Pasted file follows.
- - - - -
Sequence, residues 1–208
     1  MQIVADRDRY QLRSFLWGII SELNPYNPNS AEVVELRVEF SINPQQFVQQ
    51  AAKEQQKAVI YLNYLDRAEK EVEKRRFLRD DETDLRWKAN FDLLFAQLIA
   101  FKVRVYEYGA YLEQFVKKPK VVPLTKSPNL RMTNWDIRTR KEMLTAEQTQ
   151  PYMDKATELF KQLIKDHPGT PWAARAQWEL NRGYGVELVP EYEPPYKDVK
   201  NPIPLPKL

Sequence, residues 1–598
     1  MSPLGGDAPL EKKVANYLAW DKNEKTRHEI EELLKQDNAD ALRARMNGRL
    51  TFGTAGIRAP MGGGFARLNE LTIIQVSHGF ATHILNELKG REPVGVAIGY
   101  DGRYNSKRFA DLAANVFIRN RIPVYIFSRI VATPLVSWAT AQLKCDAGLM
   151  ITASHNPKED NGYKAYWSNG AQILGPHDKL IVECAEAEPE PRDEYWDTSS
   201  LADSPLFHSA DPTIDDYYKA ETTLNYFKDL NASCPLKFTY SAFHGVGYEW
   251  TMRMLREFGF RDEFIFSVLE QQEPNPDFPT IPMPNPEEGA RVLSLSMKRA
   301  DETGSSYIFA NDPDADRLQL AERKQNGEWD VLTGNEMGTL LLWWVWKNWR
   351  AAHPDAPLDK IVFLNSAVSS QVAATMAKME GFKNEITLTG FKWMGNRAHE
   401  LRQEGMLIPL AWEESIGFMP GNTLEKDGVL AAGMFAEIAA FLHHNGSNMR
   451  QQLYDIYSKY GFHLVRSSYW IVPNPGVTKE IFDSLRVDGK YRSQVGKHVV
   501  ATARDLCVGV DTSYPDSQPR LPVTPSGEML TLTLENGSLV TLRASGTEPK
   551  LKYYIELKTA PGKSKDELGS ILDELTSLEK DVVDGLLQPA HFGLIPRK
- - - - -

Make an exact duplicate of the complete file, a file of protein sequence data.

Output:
Sequence, residues 1–208
     1  MQIVADRDRY QLRSFLWGII SELNPYNPNS AEVVELRVEF SINPQQFVQQ
    51  AAKEQQKAVI YLNYLDRAEK EVEKRRFLRD DETDLRWKAN FDLLFAQLIA
   101  FKVRVYEYGA YLEQFVKKPK VVPLTKSPNL RMTNWDIRTR KEMLTAEQTQ
   151  PYMDKATELF KQLIKDHPGT PWAARAQWEL NRGYGVELVP EYEPPYKDVK
   201  NPIPLPKL

Sequence, residues 1–598
     1  MSPLGGDAPL EKKVANYLAW DKNEKTRHEI EELLKQDNAD ALRARMNGRL
    51  TFGTAGIRAP MGGGFARLNE LTIIQVSHGF ATHILNELKG REPVGVAIGY
   101  DGRYNSKRFA DLAANVFIRN RIPVYIFSRI VATPLVSWAT AQLKCDAGLM
   151  ITASHNPKED NGYKAYWSNG AQILGPHDKL IVECAEAEPE PRDEYWDTSS
   201  LADSPLFHSA DPTIDDYYKA ETTLNYFKDL NASCPLKFTY SAFHGVGYEW
   251  TMRMLREFGF RDEFIFSVLE QQEPNPDFPT IPMPNPEEGA RVLSLSMKRA
   301  DETGSSYIFA NDPDADRLQL AERKQNGEWD VLTGNEMGTL LLWWVWKNWR
   351  AAHPDAPLDK IVFLNSAVSS QVAATMAKME GFKNEITLTG FKWMGNRAHE
   401  LRQEGMLIPL AWEESIGFMP GNTLEKDGVL AAGMFAEIAA FLHHNGSNMR
   451  QQLYDIYSKY GFHLVRSSYW IVPNPGVTKE IFDSLRVDGK YRSQVGKHVV
   501  ATARDLCVGV DTSYPDSQPR LPVTPSGEML TLTLENGSLV TLRASGTEPK
   551  LKYYIELKTA PGKSKDELGS ILDELTSLEK DVVDGLLQPA HFGLIPRK